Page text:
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TAKOMA PARK, Md. (WUSA) -- Last November, Kat Wilderotter had a seizure while driving along Maple Avenue in Takoma Park. Her partner, Linda Cole, was driving right behind her and watched as Kat slammed into a telephone pole.

"After a seizure, a person is very disoriented, is very scared, it's a very terrifying situation for me,"says Wilderotter.

Emergency Medical Technicians took Kat to Washington Adventist Hospital, but when Linda tried to see her the front desk clerk said no.

"You would think this wouldn't be a problem," says Wilderotter. "Somebody who has just sheer terror and love and concern on their face, you would think that just the human part of the woman at the front desk would come out and say of course you two can be together."

They were kept apart until Kat's sister arrived. A decision that would seem to violate federal hospital visitation policies.

A year ago, President Obama ordered hospitals receiving federal funds to allow patients to designate their own visitors during a hospital stay. That includes same sex couples.

But, Joyce Newmyer, the hospital president of Washington Adventist tells Nine News they didn't do anything wrong.

"The care team is assessing and treating the patient and they need space and the time to do that before anyone accompanying the patient is allowed back in the emergency department. That we did not communicate that well, I'm very sorry for," says Newmyer.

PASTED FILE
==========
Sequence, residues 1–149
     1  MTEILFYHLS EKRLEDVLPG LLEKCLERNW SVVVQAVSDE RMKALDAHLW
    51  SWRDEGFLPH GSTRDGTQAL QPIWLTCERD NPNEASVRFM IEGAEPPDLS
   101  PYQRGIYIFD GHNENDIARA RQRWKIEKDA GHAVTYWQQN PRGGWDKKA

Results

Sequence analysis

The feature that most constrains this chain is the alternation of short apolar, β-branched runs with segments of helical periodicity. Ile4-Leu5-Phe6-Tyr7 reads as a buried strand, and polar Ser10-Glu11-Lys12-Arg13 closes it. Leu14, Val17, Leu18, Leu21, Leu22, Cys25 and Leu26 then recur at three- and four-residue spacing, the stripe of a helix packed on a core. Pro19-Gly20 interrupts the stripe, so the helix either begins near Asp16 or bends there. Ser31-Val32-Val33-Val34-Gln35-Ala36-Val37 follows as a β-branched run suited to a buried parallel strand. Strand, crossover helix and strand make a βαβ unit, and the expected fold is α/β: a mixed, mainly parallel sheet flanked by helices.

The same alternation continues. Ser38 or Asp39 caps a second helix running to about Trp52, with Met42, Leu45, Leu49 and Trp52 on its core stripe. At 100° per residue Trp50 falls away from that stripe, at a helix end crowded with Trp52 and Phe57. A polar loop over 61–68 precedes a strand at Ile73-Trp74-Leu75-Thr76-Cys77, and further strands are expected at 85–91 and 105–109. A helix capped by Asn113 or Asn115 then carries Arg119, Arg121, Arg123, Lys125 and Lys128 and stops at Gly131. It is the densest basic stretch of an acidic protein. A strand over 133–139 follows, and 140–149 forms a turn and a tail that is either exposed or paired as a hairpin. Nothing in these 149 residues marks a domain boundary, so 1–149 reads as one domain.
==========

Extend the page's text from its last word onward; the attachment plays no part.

Today, the Human Rights Campaign, the nation's largest LGBT civil rights organization called on the hospital to review it's policies to avoid this kind of miscommunication and says they can help.

"There's discrimination in cases of visitation, and out right denial of service and some hostility. And so we developed this process by which we found the best ways to educate the staff on their LGBT clients," says Tom Sullivan, Deputy Director for the Health Care Equality Index Survey.

HSC is asking the hospital to participate in theirHealth Care Equality Index Survey. That is something Kat hopes will happen soon.

"I'm just asking to be with my partner, that's it," says Wilderotter. "In my time of need."

Written by Marlene Davenport and Lesli Foster

9 News Now& wusa9.com

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